While watching the video I try learn as much as possible from Williams. For example, he mentioned Fischer played the Winawer, so I went to look at games played by Fischer in this line. This can help me to familiarize with common maneuvers and plans used in such opening. Then Williams also said he played this line few times, since I know he is an expert in the French and Dutch, I went to see some of his games and compare how such opening was interpreted in Fischer's times. After the moves: 1. e4 e6 2. d4 d5 3.c3 b4 4. e5 c5 5. a3 xc3+ 6. bxc3 a5 I found the following games:


And the other video I always watch is by GM Rogozenco: he annotates classic games, interesting for the general chess players who are interested in improvement via chess culture.

Rogozenco' growing collection of classical games is, in a sense, a substitute for chess books. If one adds the fact that on the latest Megabase 2020 there are more than 80 thousand annotated games, covering all the classic games printed in old books using the old descriptive notation, there's a ton of material to improve and learn.

Wrapping up — and forgive me if I couldn't cover everything — there are three top tournaments with all the games: Isle of Man, FIDE Grand Prix Hamburg, and European Team Championship. There are a total of over 1600 games in this issue. 

Pro and Con

I have a 17-inch screen on my notebook. Maybe eventually I will buy a bigger one. However the part I don't understand is why to use fonts the size of 8 or less when over 60% of the screen is totally unused. Maybe the CB developer could add an option for those of us who don't have eagle eyes! [We definitely don't use 8 point font size, and you can zoom any text by clicking + or - buttons via the View tab on the Home menu — see screenshot. You might also check your Windows screen resolution setting. -Ed.]

CBM screen

Use this slider to adjust the text size

I found interesting the Move by Move game in German, but I wouldn't mind videos in other European languages like French, Spanish or Italian.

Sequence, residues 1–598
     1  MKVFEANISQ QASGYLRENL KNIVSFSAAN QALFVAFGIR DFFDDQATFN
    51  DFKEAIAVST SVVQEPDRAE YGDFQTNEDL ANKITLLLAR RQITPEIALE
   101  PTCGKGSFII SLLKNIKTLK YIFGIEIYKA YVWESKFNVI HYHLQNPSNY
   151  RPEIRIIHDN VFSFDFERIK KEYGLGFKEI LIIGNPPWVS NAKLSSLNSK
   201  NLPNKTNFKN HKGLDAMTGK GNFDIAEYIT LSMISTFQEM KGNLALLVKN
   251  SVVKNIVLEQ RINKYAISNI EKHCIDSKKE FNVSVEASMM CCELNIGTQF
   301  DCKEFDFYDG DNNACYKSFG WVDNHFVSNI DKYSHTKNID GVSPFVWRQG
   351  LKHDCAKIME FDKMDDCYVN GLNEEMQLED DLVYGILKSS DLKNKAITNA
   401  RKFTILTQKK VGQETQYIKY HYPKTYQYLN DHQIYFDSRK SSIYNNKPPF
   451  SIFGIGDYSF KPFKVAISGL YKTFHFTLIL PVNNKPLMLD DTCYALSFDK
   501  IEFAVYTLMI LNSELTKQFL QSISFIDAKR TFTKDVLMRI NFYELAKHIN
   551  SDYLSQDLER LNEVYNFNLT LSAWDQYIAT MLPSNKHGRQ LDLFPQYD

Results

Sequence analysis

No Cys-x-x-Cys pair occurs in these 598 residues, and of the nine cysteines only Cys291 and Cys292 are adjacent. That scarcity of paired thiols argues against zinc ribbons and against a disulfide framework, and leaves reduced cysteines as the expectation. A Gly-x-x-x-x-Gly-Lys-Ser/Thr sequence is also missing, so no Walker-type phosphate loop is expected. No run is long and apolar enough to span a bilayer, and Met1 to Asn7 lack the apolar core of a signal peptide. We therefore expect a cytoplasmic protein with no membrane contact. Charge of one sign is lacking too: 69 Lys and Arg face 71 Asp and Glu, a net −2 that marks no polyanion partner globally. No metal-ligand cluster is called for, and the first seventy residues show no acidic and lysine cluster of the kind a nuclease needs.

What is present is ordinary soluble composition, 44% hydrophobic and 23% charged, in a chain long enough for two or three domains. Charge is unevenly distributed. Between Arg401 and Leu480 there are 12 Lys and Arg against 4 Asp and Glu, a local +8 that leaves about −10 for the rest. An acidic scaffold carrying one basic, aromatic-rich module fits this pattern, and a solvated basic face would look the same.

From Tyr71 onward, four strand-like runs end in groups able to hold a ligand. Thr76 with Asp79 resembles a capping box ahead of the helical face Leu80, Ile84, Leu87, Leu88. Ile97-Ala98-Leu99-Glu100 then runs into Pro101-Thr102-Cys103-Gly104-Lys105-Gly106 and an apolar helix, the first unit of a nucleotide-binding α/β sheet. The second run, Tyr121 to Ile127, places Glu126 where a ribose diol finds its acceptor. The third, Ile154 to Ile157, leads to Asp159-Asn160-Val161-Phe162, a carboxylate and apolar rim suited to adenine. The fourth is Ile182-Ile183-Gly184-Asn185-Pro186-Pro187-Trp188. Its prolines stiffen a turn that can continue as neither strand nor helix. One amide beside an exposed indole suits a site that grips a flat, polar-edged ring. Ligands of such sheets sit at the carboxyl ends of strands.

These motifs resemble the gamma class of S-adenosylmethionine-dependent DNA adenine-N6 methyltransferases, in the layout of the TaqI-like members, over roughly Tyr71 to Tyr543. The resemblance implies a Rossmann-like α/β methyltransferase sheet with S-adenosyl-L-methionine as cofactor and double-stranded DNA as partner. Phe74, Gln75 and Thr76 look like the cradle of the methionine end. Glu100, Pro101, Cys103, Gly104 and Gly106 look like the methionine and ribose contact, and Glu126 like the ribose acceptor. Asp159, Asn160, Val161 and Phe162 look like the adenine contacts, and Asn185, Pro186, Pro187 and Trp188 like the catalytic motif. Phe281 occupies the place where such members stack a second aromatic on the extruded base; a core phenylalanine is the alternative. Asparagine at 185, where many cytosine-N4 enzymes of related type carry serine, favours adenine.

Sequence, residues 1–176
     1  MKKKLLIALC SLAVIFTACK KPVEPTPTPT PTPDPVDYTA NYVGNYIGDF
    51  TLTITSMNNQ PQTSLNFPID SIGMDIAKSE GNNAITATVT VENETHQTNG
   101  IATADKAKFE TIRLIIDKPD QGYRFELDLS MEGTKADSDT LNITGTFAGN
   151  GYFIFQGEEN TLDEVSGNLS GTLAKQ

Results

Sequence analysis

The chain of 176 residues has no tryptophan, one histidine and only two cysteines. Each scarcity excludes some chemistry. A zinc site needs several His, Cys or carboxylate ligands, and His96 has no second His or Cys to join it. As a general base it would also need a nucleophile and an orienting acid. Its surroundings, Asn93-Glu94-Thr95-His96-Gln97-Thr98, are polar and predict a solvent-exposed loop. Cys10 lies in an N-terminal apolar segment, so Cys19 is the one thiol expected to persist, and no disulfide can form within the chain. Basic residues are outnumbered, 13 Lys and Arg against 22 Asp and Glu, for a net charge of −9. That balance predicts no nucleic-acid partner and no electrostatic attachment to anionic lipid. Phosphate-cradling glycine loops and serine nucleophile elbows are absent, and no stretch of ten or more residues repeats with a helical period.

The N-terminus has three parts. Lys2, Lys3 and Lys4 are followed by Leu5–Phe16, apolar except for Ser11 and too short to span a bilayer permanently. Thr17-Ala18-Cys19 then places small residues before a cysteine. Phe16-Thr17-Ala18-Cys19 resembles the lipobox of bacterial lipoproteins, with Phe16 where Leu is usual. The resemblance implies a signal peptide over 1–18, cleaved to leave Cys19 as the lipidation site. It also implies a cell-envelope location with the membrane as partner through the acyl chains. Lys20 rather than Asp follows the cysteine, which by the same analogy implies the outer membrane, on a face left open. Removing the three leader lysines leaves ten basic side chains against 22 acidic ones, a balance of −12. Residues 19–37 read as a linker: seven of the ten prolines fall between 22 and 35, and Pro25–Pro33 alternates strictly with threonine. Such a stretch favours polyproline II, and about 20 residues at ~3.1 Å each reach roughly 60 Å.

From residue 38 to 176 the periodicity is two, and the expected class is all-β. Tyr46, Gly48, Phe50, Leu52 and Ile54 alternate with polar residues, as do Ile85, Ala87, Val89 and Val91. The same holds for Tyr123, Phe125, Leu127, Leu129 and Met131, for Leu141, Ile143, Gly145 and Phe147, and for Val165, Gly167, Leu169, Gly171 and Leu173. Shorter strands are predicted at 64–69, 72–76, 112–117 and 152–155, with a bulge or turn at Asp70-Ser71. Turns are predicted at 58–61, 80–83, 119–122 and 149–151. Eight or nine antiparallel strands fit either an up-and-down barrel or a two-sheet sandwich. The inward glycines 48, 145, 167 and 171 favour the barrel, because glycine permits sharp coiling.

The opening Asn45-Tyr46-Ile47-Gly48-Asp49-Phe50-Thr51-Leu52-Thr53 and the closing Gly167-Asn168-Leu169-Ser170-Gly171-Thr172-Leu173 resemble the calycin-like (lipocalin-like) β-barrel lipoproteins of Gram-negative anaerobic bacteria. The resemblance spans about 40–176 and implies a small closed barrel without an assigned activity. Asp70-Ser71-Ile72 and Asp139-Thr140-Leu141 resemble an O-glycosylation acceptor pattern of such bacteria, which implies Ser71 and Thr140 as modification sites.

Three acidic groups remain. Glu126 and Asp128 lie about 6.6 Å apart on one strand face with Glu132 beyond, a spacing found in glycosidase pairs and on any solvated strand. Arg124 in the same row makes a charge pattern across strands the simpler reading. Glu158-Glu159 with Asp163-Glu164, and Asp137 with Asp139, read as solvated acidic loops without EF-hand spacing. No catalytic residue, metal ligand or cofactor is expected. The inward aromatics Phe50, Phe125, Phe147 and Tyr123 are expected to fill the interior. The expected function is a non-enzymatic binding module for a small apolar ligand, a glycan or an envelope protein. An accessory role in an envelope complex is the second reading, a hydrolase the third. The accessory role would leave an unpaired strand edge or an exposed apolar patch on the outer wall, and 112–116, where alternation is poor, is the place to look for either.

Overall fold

Final thoughts

With this issue of CBM I had the chance to have my endgame skills polished by a GM, worked my tactics with an IM, studied an entire game, getting feedbacks from the famous GingerGM! And then got the latest games, checking if there were new trends in the opening, which I can use in tournament, as well as the chance to gain some new opening ideas thanks to the huge amount of theoretical articles. Having all these coaches training us month after month, and being consistent in following all the exercises proposed, is the important point I'd like to stress. Only one issue of CBM may not bring you great improvement, but after one year following such a regimen, the results will be evident. And in, say, 50 tournament games a year, the recipe for chess improvement is nearly foolproof. In this new year, definitely make a resolution to improve through ChessBase Magazine and CBM Extra.

ChessBase Magazine 193

Analyses by Caruana, Giri, Duda, Wang Hao, So, Vidit, Vitiugov, McShane and many more. Plus videos by Williams, King and Shirov. 11 opening articles with new repertoire ideas and training sessions in strategy, tactics and endgame!


Davide is a novel chess aficionado who has made chess his spiritual tool of improvement and self-discovery. One of his favorite quotes is from the great Paul Keres: "Nobody is born a master. The way to mastery leads to the desired goal only after long years of learning, of struggle, of rejoicing, and of disappointment..."